An app called NueralCam tried to bring night mode to older iPhones, and it did a decent job. But Apple‘s efforts are much more refined. You find there over-saturation and blown-out highlights in pictures taken in very low light. However, that’s mostly the state of the night mode algorithm in every phone.
Here’s what you need to know when using this mode: You can’t trigger this mode, it’ll get automatically activated at a light level lower than 10 lux. You can adjust exposure time with a slider or turn it off entirely.
In the night mode, the camera takes multiple frames at varying exposures, and combines them using an algorithm similar to smart HDR to reduce noise and adjust color. You can read about how the algorithm works here.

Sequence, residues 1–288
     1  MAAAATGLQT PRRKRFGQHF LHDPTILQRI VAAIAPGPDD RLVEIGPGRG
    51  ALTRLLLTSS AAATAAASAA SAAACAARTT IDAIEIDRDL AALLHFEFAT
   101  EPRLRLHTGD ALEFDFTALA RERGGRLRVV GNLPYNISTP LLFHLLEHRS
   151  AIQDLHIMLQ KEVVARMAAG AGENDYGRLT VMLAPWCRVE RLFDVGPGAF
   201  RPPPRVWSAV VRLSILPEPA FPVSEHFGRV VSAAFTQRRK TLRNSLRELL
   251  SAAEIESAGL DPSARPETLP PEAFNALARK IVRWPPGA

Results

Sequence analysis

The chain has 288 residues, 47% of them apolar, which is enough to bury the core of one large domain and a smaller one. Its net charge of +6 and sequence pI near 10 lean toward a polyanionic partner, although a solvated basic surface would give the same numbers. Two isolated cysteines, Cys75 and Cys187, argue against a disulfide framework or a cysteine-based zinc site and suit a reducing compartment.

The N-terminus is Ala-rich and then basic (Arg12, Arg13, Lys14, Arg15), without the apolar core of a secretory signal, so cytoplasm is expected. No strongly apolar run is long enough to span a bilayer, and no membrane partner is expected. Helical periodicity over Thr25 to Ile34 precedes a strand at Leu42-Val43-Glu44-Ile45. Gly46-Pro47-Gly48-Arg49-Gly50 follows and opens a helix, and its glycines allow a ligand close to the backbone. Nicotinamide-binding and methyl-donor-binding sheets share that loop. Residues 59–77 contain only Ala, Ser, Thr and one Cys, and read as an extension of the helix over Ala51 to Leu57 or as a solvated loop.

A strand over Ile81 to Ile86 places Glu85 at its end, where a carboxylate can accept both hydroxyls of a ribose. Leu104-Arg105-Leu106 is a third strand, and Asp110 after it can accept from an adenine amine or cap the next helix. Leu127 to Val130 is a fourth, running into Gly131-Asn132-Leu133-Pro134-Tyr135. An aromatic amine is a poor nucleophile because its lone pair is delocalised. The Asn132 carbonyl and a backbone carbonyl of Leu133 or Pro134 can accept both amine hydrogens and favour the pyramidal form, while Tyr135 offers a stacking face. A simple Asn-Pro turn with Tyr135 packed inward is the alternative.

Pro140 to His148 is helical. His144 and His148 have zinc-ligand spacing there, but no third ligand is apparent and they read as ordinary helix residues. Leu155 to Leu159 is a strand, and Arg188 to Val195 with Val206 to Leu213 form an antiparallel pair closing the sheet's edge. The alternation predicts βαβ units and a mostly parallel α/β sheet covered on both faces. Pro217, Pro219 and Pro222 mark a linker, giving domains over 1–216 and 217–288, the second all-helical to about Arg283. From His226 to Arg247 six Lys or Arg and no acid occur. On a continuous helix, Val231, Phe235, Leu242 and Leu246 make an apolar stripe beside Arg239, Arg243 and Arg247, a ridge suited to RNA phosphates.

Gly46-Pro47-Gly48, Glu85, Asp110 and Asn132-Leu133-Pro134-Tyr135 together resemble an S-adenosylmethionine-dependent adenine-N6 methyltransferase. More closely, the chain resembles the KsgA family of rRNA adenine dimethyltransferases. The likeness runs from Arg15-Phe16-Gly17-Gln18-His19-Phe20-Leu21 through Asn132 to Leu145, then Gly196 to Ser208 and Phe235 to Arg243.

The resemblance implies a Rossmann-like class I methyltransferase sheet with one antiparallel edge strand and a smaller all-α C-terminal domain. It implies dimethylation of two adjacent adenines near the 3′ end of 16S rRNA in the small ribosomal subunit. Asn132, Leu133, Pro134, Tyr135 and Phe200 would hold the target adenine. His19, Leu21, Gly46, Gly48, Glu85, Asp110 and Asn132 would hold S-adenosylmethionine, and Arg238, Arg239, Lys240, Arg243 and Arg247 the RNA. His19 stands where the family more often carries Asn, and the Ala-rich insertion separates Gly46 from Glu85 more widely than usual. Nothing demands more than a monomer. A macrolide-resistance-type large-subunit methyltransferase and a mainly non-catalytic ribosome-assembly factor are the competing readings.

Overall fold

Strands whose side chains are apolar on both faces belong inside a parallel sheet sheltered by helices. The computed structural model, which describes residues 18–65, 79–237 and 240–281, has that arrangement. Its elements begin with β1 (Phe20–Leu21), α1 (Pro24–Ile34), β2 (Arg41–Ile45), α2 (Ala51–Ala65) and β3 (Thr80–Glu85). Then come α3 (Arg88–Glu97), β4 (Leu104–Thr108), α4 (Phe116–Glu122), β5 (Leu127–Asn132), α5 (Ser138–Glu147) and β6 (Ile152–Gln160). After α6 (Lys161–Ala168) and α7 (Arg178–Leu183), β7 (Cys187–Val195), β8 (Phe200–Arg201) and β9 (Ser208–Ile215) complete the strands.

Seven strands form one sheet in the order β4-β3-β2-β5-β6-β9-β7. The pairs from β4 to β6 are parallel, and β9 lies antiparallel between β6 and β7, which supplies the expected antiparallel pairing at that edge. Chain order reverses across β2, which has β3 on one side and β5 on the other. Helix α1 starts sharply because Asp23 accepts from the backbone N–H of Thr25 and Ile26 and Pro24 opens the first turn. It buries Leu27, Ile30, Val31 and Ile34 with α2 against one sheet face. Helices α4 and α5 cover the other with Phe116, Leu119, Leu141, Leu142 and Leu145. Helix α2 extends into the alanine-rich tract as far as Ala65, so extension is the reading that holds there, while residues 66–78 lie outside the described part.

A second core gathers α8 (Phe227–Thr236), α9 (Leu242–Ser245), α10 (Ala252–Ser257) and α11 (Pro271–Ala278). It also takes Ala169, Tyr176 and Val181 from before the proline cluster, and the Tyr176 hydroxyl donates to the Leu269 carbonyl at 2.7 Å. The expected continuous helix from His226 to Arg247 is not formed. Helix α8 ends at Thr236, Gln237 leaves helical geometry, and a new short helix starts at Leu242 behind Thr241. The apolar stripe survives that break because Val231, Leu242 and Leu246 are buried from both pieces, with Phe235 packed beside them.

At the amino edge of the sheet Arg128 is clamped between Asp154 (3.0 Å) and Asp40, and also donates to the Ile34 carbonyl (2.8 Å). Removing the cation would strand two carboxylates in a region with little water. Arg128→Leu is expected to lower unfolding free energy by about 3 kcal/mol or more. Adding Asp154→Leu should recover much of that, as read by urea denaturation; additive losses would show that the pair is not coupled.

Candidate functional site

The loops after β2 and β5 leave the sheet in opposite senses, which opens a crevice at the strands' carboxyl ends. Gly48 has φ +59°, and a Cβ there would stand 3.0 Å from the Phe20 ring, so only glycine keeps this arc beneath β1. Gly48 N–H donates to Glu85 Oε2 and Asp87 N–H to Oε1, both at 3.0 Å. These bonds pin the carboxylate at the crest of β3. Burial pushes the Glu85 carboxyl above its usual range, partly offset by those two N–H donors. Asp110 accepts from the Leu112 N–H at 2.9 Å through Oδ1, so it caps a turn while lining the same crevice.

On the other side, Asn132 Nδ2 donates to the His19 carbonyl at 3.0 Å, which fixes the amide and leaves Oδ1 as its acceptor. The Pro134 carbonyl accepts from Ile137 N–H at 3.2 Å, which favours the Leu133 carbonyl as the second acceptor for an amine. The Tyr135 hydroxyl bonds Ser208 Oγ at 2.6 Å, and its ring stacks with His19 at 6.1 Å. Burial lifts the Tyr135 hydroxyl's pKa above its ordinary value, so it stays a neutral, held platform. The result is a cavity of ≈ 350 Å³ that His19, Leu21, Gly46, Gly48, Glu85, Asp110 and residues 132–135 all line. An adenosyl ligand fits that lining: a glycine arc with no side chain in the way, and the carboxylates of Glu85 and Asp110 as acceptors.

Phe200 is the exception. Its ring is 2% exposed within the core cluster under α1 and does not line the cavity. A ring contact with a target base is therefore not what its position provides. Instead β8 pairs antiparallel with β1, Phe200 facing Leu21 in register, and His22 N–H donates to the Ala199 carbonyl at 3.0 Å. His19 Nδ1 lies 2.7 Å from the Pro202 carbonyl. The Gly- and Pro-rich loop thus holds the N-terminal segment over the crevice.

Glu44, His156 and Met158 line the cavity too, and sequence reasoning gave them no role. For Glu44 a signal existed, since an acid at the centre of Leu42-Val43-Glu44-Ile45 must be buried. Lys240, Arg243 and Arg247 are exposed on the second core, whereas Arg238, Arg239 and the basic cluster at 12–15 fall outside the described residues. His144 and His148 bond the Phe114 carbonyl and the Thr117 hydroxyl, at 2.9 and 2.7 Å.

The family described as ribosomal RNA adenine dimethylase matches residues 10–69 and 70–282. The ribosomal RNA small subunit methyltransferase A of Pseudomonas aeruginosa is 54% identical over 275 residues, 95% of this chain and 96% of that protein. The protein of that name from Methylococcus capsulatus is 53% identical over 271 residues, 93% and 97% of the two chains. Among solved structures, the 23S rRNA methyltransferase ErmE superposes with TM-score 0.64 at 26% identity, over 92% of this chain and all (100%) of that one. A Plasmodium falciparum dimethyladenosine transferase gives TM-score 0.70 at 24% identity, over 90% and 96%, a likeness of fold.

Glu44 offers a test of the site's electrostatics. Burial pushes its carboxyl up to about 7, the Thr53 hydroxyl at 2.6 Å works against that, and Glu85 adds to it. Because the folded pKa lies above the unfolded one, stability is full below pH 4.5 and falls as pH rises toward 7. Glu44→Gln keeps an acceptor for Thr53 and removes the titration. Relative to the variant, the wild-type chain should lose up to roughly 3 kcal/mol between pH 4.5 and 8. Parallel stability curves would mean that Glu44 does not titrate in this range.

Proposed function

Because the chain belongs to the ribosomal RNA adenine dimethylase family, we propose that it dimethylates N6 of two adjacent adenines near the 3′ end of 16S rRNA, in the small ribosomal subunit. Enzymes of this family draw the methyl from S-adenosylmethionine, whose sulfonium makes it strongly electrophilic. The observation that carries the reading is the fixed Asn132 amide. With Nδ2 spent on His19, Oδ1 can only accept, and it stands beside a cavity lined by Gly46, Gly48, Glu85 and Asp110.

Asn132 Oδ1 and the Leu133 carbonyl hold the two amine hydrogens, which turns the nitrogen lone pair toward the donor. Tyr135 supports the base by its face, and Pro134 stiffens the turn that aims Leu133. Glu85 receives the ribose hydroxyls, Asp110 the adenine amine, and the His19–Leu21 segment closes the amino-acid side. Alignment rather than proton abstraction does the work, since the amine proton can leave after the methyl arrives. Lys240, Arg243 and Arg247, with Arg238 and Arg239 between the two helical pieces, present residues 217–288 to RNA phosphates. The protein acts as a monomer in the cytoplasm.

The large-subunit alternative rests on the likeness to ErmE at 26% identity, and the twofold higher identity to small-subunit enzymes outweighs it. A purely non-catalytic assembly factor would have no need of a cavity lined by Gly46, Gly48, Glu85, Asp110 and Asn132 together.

As compared the Pixel 3, the iPhone 11’s night mode gives better respects to shadows and colors. The new Pixel 4 might be able to beat Apple at this game, but it’s not going to be an easy job.
The iPhone 11’s night mode promises to get you a great shot if the scene is well lit. For bonus fun, try shooting a still object with moving stuff around it, you’ll get a nice motion blur effect. Oh, and don’t use flash to try and get the same effect.
Smartphone makers introduced portrait mode a couple of years ago, first in flagships, and later in mid-range and budget phones. While they made slight improvements in areas of edge detection and shallow depth of field to create the bokeh effect, the portrait mode always had some faults such as blurring faces or lacking support for objects and pets.